Farmington, MO
 

Dr. Georgeann Groh works as a pediatric cardiologist. Areas of expertise for Dr. Groh include heart problems. She is an in-network provider for Anthem, Blue Cross/Blue Shield, and Coventry, as well as other insurance carriers. Dr. Groh studied medicine at Baylor College of Medicine. For her professional training, Dr. Groh completed a residency program at a hospital affiliated with Baylor College of Medicine. In addition to English, she speaks Mandarin. Her hospital/clinic affiliations include Barnes-Jewish West County Hospital, Missouri Baptist Medical Center, and St. Louis Children's Specialty Care Center.

Read more

Relevant Interests: , heart problems

All Interests: Heart Problems

Conditions / Treatments

Gender

Insurance

Reviews

Medicare Patient Age

Medicare Patient Conditions

Medicare Patient Ethnicity

Medicare Patient Gender

Medicare Patient Insurance Eligibility

Additional Information

Foreign Language

Accessibility

Online Communication

Patient Demographic

Practice Affiliation

Medical School

Residency

Specialty

Years Since Graduation

What are Heart Problems?

The heart is one of the most important organs in the body. This smooth muscle expands and contracts rhythmically our entire lifetime, pumping blood to our lungs and then to every other cell in our body. When heart problems occur, it becomes difficult for the body to get the nutrients and oxygen it needs via the blood. So while there are a variety of illnesses and disorders that affect the heart, most of them make you feel weak, tired, and short of breath. The most common heart conditions include heart disease, angina, arrhythmia, and valve disorders.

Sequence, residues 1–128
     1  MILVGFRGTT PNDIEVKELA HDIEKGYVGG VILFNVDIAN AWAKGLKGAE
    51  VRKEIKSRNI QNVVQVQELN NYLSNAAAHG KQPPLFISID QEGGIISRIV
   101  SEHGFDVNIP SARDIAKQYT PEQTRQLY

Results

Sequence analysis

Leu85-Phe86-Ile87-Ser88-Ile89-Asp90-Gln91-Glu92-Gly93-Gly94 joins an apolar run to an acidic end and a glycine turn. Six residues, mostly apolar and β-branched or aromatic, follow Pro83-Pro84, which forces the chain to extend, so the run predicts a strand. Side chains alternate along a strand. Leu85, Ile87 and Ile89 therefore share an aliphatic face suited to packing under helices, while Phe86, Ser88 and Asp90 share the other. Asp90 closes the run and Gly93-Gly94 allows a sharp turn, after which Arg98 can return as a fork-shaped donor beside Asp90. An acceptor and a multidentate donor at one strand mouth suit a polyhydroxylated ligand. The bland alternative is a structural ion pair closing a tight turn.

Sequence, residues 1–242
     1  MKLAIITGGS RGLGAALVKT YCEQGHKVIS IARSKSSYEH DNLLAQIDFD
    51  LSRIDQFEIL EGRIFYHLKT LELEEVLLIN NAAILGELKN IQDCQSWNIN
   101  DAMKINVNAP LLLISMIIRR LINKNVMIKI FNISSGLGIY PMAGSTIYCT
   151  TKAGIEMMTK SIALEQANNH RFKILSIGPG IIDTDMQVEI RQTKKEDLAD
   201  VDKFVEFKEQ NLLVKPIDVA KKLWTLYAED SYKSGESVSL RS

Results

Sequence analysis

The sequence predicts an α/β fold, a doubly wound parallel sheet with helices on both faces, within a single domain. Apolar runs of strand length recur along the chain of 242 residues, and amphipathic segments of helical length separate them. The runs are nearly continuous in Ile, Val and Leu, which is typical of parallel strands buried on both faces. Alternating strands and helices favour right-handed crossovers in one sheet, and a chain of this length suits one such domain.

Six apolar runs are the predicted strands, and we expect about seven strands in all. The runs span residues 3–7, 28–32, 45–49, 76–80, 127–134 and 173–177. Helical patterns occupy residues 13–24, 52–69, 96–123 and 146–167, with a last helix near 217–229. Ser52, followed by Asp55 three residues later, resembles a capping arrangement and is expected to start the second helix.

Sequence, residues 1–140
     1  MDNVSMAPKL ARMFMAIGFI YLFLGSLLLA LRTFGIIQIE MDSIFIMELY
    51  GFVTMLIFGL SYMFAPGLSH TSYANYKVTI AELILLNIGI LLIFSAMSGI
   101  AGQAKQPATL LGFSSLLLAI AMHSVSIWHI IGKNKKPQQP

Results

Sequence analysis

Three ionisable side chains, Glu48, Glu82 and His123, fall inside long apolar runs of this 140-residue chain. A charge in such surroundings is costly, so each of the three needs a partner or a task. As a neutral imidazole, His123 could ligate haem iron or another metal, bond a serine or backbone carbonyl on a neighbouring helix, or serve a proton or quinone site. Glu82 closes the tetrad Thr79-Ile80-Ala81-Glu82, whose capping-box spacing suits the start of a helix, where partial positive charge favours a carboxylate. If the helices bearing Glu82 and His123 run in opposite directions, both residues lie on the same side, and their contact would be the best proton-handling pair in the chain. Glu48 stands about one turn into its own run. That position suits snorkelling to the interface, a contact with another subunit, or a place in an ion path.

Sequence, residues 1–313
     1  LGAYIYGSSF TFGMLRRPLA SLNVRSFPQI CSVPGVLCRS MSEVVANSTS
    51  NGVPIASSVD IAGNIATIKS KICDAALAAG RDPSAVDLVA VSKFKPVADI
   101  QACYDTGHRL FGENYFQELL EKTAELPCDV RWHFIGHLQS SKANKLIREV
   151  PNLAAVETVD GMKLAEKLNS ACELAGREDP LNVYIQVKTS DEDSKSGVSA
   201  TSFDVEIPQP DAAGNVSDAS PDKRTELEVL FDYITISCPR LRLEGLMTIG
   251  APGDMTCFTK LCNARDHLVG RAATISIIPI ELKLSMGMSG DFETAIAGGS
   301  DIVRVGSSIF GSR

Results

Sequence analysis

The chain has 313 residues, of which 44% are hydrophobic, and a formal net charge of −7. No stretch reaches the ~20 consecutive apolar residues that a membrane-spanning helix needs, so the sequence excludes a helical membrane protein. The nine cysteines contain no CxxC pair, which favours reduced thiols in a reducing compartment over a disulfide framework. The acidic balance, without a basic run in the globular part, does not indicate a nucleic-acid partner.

Heart disease is the leading cause of death in the United States for both men and women. This includes coronary artery disease, heart attacks, congestive heart failure, and congenital heart disease. Some conditions, such as genetics, cannot be controlled. But there are many other things you can do to lower your risk for heart disease. Controlling high blood pressure and cholesterol levels, reducing or stopping smoking, exercising more and losing weight if needed, and eating a diet low in sodium can all protect your heart.

Angina is a squeezing type of chest pain that happens when the muscles around your heart don’t get enough oxygen. It can be regular or infrequent. Usually, angina is caused by coronary heart disease. However, not all chest pain is angina. Chest pain can also be caused by a lung infection or panic attack, for example, so it is important to have any sudden pain checked.

Arrhythmia is the word for when the heart beats too fast, too slow, or irregularly with skipped beats. It can feel frightening, and depending on the type it can be dangerous, but in most cases arrhythmia is not serious and can be treated. It is very common, especially in older adults.

Heart valve problems can happen in any one of the the heart’s four valves that keep blood flowing where it needs to go. Babies can be born with problems in their heart valves, or valves can be damaged by infections. The valves can stiffen and become less mobile, or they can stop closing properly and ‘leak’ when the heart beats. Valve problems can usually be repaired surgically.
Selecting a checkbox option will refresh the page.